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The SLS rocket is the worst thing to happen to NASA—but maybe also the best?

NASA's Space Launch System Rocket at LC-39B, preparing to lift off at 8:33 am ET on August 29th, 2022.
Enlarge / NASA’s Space Launch System Rocket at LC-39B, preparing to lift off at 8:33 am ET on August 29th, 2022.

Trevor Mahlmann

President Eisenhower signed the law establishing the National Aeronautics and Space Administration on July 29, 1958. At the time, the United States had put about 30 kg of small satellites into orbit. Less than 11 years later, Neil Armstrong and Buzz Aldrin landed on the Moon.

President Obama signed a NASA Authorization Act on October 11, 2010. Among its provisions, the law called on NASA to create the Space Launch System rocket and have it ready for launch in 2016. It seemed reasonable. At the time, NASA had been launching rockets, including very large ones, for half a century. And in some sense, this new SLS rocket was already built.

The most challenging aspect of almost any launch vehicle is its engines. No problem—the SLS rocket would use engines left over from the space shuttle program. Its side-mounted boosters would be slightly larger versions of those that powered the shuttle for three decades. The newest part of the vehicle would be its large core stage, housing liquid hydrogen and oxygen fuel tanks to feed the rocket’s four main engines. But even this component was derivative. The core stage’s 8.4-meter diameter was identical to the space shuttle’s external tank, which carried the same propellants for the shuttle’s main engines.

Alas, construction wasn’t that easy. NASA’s SLS rocket program has been a hot mess almost from the beginning. It has been efficient at precisely one thing, spreading jobs around to large aerospace contractors in the states of key congressional committee leaders. Because of this, lawmakers have overlooked years of delays, a more than doubling in development costs to above $20 billion, and the availability of far cheaper and reusable rockets built by the private sector.

So here we are, nearly a dozen years after that authorization act was signed, and NASA is finally ready to launch the SLS rocket. It took the agency 11 years to go from nothing to the Moon. It has taken 12 years to go from having all the building blocks for a rocket to having it on the launch pad, ready for an uncrewed test flight.

I have decidedly mixed emotions.

The side-mounted boosters on the SLS rocket are derived from the space shuttle program
Enlarge / The side-mounted boosters on the SLS rocket are derived from the space shuttle program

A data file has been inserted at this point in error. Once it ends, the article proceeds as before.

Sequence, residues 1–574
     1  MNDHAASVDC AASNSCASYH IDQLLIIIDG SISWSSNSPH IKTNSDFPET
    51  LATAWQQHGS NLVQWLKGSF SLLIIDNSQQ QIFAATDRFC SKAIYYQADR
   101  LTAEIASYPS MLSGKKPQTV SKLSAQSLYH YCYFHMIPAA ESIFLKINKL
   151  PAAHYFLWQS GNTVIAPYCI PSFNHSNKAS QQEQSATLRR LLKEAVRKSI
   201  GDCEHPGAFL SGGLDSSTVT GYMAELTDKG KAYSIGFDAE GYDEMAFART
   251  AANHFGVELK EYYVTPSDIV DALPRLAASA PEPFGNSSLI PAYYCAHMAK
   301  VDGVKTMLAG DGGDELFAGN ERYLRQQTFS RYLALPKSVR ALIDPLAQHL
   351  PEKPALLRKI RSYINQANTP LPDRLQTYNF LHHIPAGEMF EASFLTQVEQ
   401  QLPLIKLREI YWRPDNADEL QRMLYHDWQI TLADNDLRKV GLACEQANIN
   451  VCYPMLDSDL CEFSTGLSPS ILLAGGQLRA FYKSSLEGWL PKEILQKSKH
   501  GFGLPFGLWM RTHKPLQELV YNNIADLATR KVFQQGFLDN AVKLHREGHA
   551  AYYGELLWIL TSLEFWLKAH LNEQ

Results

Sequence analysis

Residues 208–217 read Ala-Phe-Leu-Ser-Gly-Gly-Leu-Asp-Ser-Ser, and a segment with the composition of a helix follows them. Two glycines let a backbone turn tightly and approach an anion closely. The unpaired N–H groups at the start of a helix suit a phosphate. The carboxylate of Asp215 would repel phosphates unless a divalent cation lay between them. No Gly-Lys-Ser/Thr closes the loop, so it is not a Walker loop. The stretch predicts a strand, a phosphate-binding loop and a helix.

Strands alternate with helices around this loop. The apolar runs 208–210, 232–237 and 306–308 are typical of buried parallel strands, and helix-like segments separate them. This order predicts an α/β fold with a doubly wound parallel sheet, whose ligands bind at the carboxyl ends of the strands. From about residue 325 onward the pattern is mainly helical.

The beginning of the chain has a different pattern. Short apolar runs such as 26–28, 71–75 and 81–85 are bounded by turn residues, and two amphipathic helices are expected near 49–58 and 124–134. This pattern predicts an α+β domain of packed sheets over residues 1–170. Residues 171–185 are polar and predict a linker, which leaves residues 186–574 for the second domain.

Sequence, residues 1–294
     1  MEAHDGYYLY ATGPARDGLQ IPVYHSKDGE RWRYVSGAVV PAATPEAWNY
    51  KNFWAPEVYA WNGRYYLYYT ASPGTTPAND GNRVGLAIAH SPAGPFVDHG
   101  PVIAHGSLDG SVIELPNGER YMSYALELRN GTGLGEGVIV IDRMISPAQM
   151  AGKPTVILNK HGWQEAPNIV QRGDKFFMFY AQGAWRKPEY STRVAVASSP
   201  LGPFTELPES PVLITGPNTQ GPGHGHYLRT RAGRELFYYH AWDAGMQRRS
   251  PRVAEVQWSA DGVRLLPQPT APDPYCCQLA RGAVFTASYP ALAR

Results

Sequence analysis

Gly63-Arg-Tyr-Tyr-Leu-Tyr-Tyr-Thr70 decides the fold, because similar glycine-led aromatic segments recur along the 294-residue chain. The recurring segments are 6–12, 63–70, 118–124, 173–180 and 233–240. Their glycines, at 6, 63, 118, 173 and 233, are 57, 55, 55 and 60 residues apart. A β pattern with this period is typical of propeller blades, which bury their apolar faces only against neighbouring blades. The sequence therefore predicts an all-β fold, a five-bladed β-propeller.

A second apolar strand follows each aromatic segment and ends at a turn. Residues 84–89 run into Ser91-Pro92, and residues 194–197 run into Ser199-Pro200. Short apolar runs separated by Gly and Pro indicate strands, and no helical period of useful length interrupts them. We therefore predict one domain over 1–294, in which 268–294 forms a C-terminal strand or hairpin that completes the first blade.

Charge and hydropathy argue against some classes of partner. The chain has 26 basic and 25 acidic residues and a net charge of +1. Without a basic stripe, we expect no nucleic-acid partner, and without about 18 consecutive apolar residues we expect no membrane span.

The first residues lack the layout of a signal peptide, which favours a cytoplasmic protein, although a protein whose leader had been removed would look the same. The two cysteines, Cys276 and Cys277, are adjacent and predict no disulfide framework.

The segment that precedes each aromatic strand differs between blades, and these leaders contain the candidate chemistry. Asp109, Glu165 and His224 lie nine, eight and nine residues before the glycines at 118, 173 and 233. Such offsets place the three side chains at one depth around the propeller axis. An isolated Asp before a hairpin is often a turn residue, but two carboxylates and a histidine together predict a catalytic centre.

Trevor Mahlmann

With the launch just days away, I am incredibly happy for the people at NASA and the space companies that have worked hard, cut through the bureaucracy, managed thousands of requirements, and actually got this rocket built. And I’m eager to see it fly. Who doesn’t want to watch a huge, Brobdingnagian rocket consume millions of kilograms of fuel and break the surly bonds of Earth’s gravity?

On the less happy side, it remains difficult to celebrate a rocket that, in many ways, is responsible for a lost decade of US space exploration. The financial costs of the program have been enormous. Between the rocket, its ground systems, and the Orion spacecraft launching on top of the stack, NASA has spent tens of billions of dollars. But I would argue that the opportunity costs are higher. For a decade, Congress pushed NASA’s exploration focus toward an Apollo-like program, with a massive launch vehicle that is utterly expended, using 1970s technology in its engines, tanks, and boosters.

Effectively, NASA was told to look backward when this country’s vibrant commercial space industry was ready to push toward sustainable spaceflight by building big rockets and landing them—or storing propellant in space or building reusable tugs to go back and forth between the Earth and Moon. It’s as if Congress told NASA to keep printing newspapers in a world with broadband Internet.

It didn’t have to be this way. In fact, a handful of visionary space policy leaders tried to stop the wastefulness but were beaten back by the defense industry and its allies in Congress.

For me personally, this is also the end of an era. In many ways, this rocket has mirrored my career as a journalist and writer covering the space industry. So as we approach this momentous launch, I want to tell the story—the real story—about where this came from and where it’s going. I will make the case that the SLS rocket is the worst thing, and perhaps simultaneously the best thing, to ever happen to NASA.

I believe this story can still have a happy ending.

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